With an 11th last Sunday at Las Vegas Motor Speedway and the second at Phoenix, McMurray has climbed from 32nd to 19th in the Sprint Cup standings.

McMurray felt he had a shot at a victory Sunday, particularly on the final restart. But Harvick, who led 224 laps, was just too strong.

“When we drove into turn one, I’m like, ‘I’m going to go like hell,’ and hope I could clear him,” McMurray said. “But the car just didn’t seem like it had the grip you needed, and I didn’t want to slide up and wipe everybody out.

“Did I think I had a chance? Yeah, but you just don’t ever know what you’re going to get when you get to the end.”

McMurray isn’t surprised by Harvick’s recent dominance, which he could see since the defending series champion’s arrival at Stewart-Haas Racing.

“Ever since he unloaded at the (presason) Charlotte test last year, the first lap, he literally was the fastest car and for a year it’s been that way,” McMurray said “They’re on a roll and I listen to Kevin talk, it just seems to be real good communication between he, (crew chief Rodney Childers), the engineer and the whole team.”

But McMurray also is meshing well with new crew chief Matt McCall in the No. 1 Chevrolet at Chip Ganassi Racing.

“I’m really happy with (finishing) second,” he said. “It would have been nice to be in Victory Lane and know you were locked into the Chase the way the point format goes.

“But as a group, our whole organization, the 1 team, Matt McCall, just awesome cars, and Matt made a great call to stay out (before the final restart). … He did a great job today.”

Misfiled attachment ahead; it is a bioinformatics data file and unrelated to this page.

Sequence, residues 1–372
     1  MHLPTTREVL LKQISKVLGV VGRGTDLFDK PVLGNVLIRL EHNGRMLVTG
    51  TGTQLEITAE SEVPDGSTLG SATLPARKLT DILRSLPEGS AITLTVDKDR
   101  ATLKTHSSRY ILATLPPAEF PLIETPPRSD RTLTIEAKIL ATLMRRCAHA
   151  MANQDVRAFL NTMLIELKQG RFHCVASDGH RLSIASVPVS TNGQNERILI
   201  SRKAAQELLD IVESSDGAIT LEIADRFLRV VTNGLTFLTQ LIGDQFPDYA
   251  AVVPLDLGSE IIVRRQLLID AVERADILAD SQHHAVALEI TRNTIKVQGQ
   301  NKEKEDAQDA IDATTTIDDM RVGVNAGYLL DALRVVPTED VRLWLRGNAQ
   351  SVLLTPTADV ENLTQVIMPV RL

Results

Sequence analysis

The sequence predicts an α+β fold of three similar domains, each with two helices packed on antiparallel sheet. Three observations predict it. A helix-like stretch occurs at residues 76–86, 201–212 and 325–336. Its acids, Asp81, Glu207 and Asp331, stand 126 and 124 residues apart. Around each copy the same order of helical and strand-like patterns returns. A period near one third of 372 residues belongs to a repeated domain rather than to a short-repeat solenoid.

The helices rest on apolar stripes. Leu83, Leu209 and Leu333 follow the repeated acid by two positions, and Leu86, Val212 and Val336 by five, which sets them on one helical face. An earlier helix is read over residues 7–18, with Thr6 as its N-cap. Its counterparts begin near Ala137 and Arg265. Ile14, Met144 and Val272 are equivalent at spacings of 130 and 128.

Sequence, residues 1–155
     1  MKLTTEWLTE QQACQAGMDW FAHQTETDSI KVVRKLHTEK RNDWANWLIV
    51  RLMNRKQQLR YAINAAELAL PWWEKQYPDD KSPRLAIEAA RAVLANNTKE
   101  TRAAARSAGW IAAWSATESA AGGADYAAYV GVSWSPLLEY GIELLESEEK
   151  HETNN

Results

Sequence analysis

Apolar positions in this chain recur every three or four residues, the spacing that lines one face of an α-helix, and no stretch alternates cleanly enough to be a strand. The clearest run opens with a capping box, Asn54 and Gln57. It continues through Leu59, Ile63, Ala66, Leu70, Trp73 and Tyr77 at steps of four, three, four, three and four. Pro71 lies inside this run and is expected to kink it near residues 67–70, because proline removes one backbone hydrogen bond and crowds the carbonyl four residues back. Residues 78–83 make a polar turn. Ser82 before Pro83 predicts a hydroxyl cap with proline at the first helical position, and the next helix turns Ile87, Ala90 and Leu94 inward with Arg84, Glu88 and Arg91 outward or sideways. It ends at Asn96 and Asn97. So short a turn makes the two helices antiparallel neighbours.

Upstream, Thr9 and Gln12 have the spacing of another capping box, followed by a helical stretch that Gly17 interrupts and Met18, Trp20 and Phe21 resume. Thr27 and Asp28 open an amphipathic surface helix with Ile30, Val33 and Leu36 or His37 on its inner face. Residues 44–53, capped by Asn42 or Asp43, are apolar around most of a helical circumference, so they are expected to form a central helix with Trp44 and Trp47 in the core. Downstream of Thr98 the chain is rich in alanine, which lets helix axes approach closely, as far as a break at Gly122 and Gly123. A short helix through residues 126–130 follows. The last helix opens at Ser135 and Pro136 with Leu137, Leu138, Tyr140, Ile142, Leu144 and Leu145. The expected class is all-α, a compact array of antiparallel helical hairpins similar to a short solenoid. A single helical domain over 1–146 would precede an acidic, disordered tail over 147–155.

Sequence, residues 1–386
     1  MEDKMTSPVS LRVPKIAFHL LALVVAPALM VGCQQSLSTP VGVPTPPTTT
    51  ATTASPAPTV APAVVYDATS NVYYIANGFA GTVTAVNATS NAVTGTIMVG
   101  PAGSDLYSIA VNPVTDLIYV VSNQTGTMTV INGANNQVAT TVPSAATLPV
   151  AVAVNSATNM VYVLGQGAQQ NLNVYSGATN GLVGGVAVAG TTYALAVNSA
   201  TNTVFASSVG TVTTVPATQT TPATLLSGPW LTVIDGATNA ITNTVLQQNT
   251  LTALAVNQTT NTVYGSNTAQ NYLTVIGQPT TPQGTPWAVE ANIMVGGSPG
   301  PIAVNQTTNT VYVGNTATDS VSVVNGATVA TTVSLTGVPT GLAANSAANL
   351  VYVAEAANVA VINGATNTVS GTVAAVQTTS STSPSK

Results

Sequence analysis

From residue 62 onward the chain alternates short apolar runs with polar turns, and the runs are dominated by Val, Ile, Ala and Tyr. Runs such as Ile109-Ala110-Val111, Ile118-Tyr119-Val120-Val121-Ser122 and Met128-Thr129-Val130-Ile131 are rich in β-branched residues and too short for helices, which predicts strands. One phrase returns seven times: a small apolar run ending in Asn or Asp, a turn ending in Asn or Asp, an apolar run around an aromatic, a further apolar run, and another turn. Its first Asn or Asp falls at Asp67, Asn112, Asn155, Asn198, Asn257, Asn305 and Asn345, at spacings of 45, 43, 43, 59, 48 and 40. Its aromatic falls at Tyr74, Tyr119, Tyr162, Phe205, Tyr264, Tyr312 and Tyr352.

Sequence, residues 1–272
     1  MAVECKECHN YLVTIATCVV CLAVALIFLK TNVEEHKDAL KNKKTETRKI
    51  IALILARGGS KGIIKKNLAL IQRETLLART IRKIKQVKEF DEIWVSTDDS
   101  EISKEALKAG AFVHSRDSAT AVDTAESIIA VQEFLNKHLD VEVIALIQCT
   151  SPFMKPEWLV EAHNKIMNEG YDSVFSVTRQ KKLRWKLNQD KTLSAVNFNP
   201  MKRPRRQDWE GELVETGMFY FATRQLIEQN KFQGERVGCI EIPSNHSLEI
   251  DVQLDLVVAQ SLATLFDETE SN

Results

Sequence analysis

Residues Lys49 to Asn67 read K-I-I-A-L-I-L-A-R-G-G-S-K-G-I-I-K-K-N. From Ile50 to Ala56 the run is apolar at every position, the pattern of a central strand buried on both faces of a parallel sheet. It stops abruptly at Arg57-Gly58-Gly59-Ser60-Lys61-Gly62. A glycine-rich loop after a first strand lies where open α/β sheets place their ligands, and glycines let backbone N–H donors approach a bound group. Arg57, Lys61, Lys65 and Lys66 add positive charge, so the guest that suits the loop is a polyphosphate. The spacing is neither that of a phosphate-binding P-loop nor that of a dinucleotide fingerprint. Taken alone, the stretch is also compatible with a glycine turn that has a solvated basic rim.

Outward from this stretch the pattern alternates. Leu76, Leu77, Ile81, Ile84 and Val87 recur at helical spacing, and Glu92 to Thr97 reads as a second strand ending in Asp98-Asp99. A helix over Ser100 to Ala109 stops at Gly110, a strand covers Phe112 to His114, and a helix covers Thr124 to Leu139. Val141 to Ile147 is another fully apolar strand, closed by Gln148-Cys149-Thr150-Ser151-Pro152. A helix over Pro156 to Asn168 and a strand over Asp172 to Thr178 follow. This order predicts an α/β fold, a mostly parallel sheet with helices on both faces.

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Keselowski leads halfway at Phoenix, Harvick running strong

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Brad Keselowski is in the lead at the halfway point (after 156 laps) of Sunday’s 500 NASCAR Sprint Cup race at Phoenix International Raceway.

Keselowski has led the last 38 laps of the 312-lap event, taking the lead for the first time in the race on Lap 118.

The top 10 at halfway are Keselowski, Martin Truex Jr., pole-sitter Kevin Harvick, Ryan Newman, Jamie McMurray, Kurt Busch, Joey Logano, Matt Kenseth, Jeff Gordon and Jimmie Johnson.

Harvick is having another stellar day as he seeks his fourth consecutive win – and fifth in his last six starts there – at Phoenix.

Harvick has led 94 laps. He entered the race with six straight top-two finishes, three wins and three seconds, dating to the last three races of his 2014 championship season. Harvick is seeking his second consecutive victory after winning last Sunday at Las Vegas.

Joey Logano, who started on the outside of the front row, has led 25 laps.